Love is in the air today as couples around the world celebrate their unions with flowers, chocolates and cards with pictures of little fat babies flying around shooting people with arrows. Valentine’s Day can be one of the most romantic days of the year; if you’re involved in a relationship of course. For all the singletons out there, seeing the multitudes of loved-up couples flaunting their happiness in their faces and reminding them of what they haven’t got – it can actually be one of the most depressing days of the year.
There are many types of love in the world however. I’m one of the singletons who are supposed to be moping around today and gloomily bemoaning my lack of a love-life, but my daughter bringing me a cup of tea this morning and presenting me with a heart-shaped candle holder brought me all the joy I need. I may not be married or in a serious relationship, but I have a life that is filled with love. I have love for my daughter, for my family and friends. I have love for reading and for the writing I do, and for the cup of tea I’m currently drinking whilst writing this. And of course, I have love for theatre.
Love begins with excitement and passion, the thrill of something new. Great love however, grows from that and flourishes through familiarity, affinity and the ability to not only love, but still like something, years after that initial excitement has waned. This is why revivals of classic musicals should definitely be a part of the West End theatre scene.
Progress is about moving forwards not backwards of course, and the health of the London theatre industry thrives on the development of original productions. There are two major difficulties with this however: the first, is that presenting something new to theatre audiences is a hit-or-miss gamble, one that sometimes pays off (Matilda The Musical) and sometimes doesn’t (Viva Forever!). The second is the novelty-factor. The fact that a new show is particularly popular when it first opens is no guarantee that it has the capability to become a West End ‘staple show’. Ghost The Musical, Betty Blue Eyes, The Umbrellas of Cherbourg, Shrek The Musical… these are all shows which were widely talked-about when they first came to the West End, but none have made it past the two-year mark.
Are the shows being produced today victims of this fad culture in which everything has a limited shelf life of popularity before being discarded when a shiny new toy comes along? Or is it just that they don’t have what it takes to become a long-runner?
Looking back 10-20 years ago, most shows enjoyed lengthy runs before closing, and even now, there are always calls for them to return to the West End. They haven’t been forgotten in the shadows of the past. Look at the delight surrounding the news of a revival of Miss Saigon in 2014! Based on the Puccini opera Madame Butterfly, the stage musical by Les Miserables creatives Alain Boublil and Claude-Michel Schonberg ran for ten years in the West End, closing for good on 30th October 1999. Fourteen years on and its appeal is still burning bright, with theatre fans in high anticipation to see it here once again. There is definitely something to be said for nostalgia.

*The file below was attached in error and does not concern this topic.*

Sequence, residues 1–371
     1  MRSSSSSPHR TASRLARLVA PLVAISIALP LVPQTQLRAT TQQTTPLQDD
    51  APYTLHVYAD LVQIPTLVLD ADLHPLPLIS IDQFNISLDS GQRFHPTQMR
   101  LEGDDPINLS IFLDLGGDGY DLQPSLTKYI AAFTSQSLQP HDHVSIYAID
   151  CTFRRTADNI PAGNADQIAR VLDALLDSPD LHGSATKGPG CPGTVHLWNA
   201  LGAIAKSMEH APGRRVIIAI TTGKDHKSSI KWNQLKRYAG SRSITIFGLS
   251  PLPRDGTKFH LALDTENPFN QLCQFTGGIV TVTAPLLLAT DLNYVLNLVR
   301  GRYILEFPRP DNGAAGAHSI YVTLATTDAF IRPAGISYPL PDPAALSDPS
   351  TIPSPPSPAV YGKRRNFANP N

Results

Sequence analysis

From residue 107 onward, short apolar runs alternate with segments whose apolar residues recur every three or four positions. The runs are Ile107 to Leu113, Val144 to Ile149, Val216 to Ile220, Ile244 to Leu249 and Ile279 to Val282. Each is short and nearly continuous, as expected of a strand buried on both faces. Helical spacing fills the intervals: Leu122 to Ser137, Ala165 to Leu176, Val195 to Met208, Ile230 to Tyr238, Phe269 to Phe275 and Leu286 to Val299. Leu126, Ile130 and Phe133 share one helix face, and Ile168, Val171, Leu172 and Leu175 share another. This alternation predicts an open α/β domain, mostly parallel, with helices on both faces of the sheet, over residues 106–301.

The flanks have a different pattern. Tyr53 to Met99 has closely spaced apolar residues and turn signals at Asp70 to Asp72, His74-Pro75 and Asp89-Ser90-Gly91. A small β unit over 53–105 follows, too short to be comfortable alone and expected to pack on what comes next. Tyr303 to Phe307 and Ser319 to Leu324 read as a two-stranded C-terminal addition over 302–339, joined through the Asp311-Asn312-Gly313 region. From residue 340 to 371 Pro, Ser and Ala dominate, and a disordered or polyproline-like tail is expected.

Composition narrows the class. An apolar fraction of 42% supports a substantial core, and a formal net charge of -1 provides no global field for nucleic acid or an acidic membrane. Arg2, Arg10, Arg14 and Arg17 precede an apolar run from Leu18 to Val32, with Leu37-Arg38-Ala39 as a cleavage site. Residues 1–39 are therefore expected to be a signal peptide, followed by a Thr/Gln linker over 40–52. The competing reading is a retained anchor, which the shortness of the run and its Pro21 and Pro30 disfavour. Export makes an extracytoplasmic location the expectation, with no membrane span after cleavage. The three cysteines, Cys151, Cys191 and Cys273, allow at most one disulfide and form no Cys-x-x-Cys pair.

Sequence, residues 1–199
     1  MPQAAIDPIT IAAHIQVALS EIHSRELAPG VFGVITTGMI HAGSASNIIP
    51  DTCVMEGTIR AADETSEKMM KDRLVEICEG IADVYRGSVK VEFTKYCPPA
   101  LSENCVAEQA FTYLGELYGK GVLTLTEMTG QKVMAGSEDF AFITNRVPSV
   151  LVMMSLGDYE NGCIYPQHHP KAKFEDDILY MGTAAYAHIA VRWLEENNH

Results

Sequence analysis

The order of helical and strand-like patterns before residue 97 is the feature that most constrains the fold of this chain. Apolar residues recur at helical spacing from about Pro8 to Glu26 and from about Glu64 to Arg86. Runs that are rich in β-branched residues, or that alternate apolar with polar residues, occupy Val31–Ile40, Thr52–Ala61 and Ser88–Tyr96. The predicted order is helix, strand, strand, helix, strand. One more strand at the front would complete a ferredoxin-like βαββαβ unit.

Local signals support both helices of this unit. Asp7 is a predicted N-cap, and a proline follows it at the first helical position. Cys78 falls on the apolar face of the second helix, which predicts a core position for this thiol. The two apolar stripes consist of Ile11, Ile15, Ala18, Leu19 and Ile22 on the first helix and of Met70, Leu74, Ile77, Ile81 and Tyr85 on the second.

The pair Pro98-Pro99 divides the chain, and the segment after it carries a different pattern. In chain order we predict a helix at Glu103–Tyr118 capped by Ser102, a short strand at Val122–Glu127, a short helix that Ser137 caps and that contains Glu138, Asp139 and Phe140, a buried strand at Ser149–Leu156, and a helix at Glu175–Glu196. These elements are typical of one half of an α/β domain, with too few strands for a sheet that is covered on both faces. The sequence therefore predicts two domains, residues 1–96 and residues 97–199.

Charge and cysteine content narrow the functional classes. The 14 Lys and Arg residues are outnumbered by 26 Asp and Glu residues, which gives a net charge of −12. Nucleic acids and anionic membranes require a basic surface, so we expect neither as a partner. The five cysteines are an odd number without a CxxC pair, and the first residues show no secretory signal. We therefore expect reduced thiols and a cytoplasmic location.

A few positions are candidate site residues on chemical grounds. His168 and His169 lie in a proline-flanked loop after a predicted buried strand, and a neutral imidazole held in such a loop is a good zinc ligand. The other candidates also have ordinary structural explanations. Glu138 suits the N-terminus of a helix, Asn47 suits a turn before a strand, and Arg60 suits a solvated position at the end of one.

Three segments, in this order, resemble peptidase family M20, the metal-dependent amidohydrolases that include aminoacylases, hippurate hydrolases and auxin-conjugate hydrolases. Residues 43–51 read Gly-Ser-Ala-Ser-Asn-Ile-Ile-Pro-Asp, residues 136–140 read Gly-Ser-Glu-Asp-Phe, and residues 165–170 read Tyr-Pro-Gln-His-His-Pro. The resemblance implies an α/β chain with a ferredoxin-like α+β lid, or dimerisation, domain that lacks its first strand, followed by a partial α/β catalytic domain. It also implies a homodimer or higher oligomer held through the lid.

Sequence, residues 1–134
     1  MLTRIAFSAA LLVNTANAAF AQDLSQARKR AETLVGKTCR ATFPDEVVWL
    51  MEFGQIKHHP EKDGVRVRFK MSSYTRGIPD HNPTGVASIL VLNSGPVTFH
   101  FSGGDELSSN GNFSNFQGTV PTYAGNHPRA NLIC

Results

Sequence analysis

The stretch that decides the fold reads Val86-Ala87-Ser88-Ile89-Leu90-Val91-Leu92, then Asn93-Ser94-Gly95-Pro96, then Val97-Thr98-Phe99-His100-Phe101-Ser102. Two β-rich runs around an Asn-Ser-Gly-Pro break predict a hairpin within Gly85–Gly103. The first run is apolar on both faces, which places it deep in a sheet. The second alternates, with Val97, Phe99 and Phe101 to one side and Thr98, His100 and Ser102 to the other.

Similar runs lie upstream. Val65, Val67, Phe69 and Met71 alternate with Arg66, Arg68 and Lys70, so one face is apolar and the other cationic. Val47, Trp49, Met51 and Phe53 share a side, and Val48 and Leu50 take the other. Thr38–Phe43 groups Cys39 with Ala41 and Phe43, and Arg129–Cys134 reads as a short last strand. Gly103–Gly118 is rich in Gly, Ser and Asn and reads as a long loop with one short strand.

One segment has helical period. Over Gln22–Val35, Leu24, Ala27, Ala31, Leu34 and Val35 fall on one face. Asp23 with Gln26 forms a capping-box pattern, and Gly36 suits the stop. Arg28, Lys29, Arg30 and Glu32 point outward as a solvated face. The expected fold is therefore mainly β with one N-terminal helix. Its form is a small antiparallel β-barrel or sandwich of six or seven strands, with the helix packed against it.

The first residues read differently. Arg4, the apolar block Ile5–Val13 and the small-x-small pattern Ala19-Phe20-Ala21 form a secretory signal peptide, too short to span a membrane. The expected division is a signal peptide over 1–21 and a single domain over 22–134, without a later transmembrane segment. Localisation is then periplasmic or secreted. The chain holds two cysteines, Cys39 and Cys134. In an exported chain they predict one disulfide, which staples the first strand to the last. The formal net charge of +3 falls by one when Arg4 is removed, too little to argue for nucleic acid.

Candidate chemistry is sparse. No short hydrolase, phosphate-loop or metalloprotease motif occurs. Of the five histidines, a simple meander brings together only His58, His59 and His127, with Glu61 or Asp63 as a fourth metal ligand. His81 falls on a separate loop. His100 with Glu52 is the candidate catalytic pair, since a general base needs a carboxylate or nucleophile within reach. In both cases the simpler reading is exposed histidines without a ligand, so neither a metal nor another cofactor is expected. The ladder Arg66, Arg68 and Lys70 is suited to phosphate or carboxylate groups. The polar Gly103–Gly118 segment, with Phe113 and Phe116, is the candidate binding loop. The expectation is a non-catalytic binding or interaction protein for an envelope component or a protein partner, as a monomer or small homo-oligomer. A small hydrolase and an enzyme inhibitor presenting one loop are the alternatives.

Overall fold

The revival of Singin’ in the Rain as done very well since it opened at the Palace Theatre last year and has twice extended its booking period, which is currently running until August 2013. Then there is A Chorus Line, which has just started previews for its revival production at the London Palladium. There are also constant touring productions of classic musicals, some of which have transferred for West End runs following their success, such as Bernada Alba and Top Hat. Then there are the classic smash-hits which have just been revived to tour in 2013, with Starlight Express and Cats currently making their way around the country. I wouldn’t be surprised to see them make a return to the West End following their travels either.
Of course, not every revived musical is going to be a success. Andrew Lloyd Webber has revived several shows in recent years which, although not flops, failed to ignite enough interest to keep them in town for more than a few years. The association with The Lord’s televised casting programmes may have contributed to that though – playing into the ‘fad culture’ I mentioned earlier. There are a number of musicals I would like to see back in the West End, such as The King and I and The Sound of Music, but just because I’d like them to make a return, it doesn’t mean everyone else agrees. There are definitely certain productions on which I think everyone would agree on however, Miss Saigon being one of them. This is one musical which has been the great love of many people’s lives, and great love never really dies, so why not spend Valentine’s Day with the cast recording of a musical you have loved and lost.
By Julie Robinson (@missjulie25)